Ellis and Markov found an easy way to compute the perfect shuffle when $n=2^k$, using constant space and linear time. Using this, we obtain an algorithm for computing the perfect shuffle for arbitrary $n$. First, write $n = 2^{k_0} + \cdots + 2^{k_w}$ using the binary encoding of $n$, and let $n_i = 2^{k_i} + \cdots + 2^{k_w}$. Rotate the middle $n_0$ bits, shuffle the right-hand $2^{k_0}$ bits. Ignoring the righthand $2^{k_0}$ bits, rotate the middle $n_1$ bits, and shuffle the right-hand $2^{k_1}$ bits. And so on. Note that rotation is easy since the first few elements rotated function as cycle leaders. The total complexity of rotation is $O(n_0 + \cdots + n_w) = O(n)$, since $n_{t+1} < n_t/2$. The total complexity of the inner shuffles is $O(2^{k_0} + \cdots + 2^{k_w}) = O(n)$.

It remains to show how to compute the perfect shuffle when $n=2^k$. In fact, we will be able to identify cycle leaders, following classical work on necklaces (Fredricksen and Maiorana, Necklaces of beads in $k$ colors and $k$-ary de Bruijn sequences; Fredricksen and Kessler, An algorithm for generating necklaces of beads in two colors).

What is the connection? I claim that the shuffle permutation corresponds to right shifting of the binary representation. Here is a proof by example, for $n=8$: $$ \begin{array}{cccccccc} 000 & 001 & 010 & 011 & 100 & 101 & 110 & 111 \\ 000 & 100 & 001 & 101 & 010 & 110 & 011 & 111 \end{array} $$ Therefore, to find cycle leaders, we need to find one representative out of each equivalence class of the rotation of binary strings of length $k$. The papers mentioned above give the following algorithm for generating all cycle leaders. Start with $0^k$. At each step, we are at some point $a_1 \ldots a_k$. Find the maximal index $i$ of a zero bit, divide $k$ by $i$ to obtain $k = d\cdot i + r$, and let the following point be $(a_1\ldots a_{i-1}1)^d a_1\ldots a_r$. Whenever $r = 0$, the new string is a cycle leader.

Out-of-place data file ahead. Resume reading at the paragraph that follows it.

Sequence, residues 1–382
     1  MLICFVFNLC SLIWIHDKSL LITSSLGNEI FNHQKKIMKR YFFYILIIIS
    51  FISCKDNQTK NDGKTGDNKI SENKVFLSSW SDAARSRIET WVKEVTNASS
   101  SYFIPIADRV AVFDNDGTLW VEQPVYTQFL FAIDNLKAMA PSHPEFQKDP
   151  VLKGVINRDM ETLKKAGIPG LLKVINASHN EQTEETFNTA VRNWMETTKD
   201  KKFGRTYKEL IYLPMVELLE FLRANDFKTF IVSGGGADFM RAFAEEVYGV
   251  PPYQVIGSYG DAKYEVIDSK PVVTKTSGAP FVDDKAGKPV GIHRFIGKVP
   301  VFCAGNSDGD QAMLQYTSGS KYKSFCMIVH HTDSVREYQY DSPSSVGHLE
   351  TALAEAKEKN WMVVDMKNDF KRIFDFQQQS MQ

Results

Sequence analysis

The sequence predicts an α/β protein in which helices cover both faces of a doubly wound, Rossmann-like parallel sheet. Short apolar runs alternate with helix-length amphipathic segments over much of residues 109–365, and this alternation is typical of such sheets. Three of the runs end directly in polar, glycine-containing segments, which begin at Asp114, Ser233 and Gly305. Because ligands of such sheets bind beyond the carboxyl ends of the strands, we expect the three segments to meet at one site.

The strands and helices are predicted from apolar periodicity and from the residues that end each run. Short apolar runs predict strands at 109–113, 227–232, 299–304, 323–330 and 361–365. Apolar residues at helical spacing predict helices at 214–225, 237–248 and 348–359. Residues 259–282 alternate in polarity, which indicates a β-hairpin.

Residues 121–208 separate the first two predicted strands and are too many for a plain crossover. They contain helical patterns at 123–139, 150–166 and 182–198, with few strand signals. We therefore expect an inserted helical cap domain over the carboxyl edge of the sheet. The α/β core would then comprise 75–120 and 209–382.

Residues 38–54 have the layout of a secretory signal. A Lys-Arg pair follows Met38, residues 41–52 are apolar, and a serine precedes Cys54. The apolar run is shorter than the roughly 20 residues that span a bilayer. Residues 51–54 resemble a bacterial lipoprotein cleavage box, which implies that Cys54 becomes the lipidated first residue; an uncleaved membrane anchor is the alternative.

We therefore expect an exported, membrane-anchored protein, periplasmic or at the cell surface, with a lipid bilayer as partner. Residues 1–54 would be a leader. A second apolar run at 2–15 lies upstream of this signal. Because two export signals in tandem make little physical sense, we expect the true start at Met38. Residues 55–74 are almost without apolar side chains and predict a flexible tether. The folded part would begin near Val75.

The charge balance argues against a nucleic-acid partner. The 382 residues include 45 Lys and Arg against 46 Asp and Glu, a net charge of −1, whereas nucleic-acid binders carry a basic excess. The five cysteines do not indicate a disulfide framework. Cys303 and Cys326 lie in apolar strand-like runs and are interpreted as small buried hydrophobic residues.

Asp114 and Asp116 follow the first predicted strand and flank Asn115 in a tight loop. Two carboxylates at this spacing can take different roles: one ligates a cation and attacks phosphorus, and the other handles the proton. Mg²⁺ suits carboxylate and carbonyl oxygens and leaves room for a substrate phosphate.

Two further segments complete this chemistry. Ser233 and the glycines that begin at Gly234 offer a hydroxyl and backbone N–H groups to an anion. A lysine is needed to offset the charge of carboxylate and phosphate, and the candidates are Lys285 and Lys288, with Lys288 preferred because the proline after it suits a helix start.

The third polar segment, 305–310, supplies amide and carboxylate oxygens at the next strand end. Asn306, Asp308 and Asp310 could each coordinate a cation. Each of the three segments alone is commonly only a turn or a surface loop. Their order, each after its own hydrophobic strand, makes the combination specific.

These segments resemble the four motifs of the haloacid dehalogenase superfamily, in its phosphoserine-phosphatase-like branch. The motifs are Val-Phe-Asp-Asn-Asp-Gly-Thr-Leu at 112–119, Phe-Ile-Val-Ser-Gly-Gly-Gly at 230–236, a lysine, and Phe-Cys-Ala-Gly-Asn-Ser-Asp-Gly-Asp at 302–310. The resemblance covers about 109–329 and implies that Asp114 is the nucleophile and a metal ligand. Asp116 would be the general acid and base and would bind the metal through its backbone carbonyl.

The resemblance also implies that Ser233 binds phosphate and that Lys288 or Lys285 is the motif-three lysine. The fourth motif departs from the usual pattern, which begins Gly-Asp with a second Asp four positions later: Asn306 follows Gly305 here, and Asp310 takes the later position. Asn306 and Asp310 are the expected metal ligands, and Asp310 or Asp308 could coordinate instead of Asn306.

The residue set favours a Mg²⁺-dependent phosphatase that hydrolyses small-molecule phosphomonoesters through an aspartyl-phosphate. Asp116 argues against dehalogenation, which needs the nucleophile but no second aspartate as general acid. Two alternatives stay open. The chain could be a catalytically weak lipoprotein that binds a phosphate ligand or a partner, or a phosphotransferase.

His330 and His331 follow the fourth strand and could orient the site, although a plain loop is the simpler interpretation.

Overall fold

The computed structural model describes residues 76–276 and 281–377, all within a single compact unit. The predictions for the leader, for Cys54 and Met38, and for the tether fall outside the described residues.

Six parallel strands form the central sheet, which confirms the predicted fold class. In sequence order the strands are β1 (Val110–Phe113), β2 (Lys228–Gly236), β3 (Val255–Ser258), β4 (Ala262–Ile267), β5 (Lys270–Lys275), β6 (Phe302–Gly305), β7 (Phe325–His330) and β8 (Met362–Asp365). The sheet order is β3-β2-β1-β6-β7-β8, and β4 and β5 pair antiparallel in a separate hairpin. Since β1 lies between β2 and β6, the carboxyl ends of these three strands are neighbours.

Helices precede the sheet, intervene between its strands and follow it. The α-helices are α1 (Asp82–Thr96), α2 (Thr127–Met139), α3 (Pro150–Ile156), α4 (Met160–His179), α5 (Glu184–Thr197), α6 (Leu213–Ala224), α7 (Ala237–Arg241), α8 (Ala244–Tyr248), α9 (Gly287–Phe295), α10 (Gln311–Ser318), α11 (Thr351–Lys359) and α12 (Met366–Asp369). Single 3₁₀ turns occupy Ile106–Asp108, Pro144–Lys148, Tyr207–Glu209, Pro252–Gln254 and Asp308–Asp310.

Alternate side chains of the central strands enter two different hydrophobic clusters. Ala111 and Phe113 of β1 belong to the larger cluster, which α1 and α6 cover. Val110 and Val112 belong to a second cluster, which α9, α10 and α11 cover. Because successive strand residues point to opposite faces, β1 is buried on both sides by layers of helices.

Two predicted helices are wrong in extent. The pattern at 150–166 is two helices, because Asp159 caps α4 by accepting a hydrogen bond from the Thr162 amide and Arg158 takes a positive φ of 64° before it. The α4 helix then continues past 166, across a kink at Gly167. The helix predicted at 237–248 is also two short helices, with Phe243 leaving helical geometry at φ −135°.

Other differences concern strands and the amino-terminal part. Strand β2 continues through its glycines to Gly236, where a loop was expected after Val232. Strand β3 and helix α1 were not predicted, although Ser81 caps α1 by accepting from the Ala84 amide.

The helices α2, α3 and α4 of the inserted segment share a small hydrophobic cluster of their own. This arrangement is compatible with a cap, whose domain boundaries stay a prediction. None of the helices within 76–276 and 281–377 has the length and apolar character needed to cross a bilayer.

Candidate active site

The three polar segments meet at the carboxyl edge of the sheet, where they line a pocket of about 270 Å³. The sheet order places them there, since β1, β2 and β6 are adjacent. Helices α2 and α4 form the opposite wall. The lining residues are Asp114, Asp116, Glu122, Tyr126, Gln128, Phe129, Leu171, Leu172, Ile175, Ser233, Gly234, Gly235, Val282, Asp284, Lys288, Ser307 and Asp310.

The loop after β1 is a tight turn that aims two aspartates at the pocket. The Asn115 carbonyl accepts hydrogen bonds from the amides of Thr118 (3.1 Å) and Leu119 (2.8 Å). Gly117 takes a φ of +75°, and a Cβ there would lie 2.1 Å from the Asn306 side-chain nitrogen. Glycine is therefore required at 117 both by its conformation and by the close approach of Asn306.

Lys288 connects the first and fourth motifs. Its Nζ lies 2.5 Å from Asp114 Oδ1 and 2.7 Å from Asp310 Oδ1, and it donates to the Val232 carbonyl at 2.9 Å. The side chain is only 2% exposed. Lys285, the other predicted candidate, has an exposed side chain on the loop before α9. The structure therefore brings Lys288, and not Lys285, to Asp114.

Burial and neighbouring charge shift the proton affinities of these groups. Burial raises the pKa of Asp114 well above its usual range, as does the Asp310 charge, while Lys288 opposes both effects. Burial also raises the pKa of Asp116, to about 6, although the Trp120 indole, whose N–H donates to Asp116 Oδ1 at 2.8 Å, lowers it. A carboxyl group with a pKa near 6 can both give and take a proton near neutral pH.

For example, when $n=16$ this generates the sequence $$ \mathbf{0000}, \mathbf{0001}, 0010, \mathbf{0011}, \mathbf{0101}, 0110, \mathbf{0111}, \mathbf{1111}. $$

The cycle leaders are highlighted.